by John Ratliff
This week we celebrated an historic victory in New Hampshire. For many, the fact that Sen. Sanders stood apart from the rest of the field as the most resolute and outspoken champion of Peace in the aftermath of Trump’s murder of Iranian General Suleimani encouraged a rise in support for him which has not stopped.
Thousands of volunteers from Massachusetts made the journey to the Granite State to knock on doors in the rain, the snow, and the cold to make the victory possible. Thousands more made calls or chipped in a few dollars. Thanks to the strategy, “Not Me. Us,” Senator Bernie Sanders of Vermont, the most progressive and pro-peace presidential candidate, is now the frontrunner in the race to unseat the most dangerous president in the history of the United States. But it will only happen if we don’t let up now…
The next contest is the Nevada Caucus Feb. 22, followed by South Carolina’s primary Feb. 29. Our own Massachusetts primary is on March 3rd, part of all-important Super Tuesday, when 14 other contests will occur along with ours. Early voting in the Commonwealth begins Feb 25th-28th. Anyone who is registered as Unenrolled or a member of the Democratic Party can cast a vote for Senator Bernie Sanders in Massachusetts.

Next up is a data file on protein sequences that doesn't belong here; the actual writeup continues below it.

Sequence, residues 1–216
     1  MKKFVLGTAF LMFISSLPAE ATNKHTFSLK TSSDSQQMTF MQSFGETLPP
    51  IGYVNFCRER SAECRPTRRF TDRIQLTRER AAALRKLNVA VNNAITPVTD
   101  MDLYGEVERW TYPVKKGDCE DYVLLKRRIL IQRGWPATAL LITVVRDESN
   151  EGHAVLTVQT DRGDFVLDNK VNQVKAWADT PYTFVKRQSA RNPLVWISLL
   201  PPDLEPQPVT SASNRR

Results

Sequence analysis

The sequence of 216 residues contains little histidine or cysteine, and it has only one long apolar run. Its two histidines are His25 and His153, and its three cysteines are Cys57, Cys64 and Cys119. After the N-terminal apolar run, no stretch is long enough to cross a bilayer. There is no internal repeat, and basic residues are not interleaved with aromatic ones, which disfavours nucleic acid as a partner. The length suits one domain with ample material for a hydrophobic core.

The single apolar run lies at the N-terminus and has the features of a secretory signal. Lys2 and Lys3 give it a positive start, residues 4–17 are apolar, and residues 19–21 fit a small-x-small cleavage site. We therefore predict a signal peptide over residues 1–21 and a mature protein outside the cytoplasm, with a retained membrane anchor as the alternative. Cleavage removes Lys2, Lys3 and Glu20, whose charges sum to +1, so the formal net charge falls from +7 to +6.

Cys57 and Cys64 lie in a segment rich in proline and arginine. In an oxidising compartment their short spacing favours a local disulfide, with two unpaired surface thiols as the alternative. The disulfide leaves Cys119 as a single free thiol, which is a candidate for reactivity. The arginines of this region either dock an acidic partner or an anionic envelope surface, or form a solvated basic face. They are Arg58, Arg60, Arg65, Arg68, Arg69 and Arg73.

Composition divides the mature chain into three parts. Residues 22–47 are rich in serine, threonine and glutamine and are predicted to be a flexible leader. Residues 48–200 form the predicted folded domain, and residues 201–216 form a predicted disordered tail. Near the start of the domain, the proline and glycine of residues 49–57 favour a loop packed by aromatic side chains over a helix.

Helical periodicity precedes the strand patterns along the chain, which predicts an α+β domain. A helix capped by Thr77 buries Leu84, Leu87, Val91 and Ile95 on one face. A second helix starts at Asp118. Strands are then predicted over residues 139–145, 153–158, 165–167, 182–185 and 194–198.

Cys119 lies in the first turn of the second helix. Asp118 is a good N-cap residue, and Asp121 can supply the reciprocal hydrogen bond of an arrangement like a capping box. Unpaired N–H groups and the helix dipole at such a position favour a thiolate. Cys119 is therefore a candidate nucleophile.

In the February edition of Mass. Peace Action Update are two compelling articles, one underscoring why Bernie must win and the other emphasizing that it is the “us” in Bernie’s slogan – we who, through our efforts, will actually win the victory. Bernie is the candidate for Peace because he is the candidate from and for working families. He is helping the whole nation understand the negative role of the Military Industrial Complex as an obstacle to the future we deserve.
The Massachusetts Campaign is officially kicking off. Let them hear from us! Click here to get in touch with Bernie’s new Massachusetts Field Organizer, Daniel Moraff. Join the movement to elect one of our own, a lifelong peace activist, as Commander in Chief and Organizer in Chief!
—John Ratliff is Mass. Peace Action’s economic justice director and a member of its Board of Directors.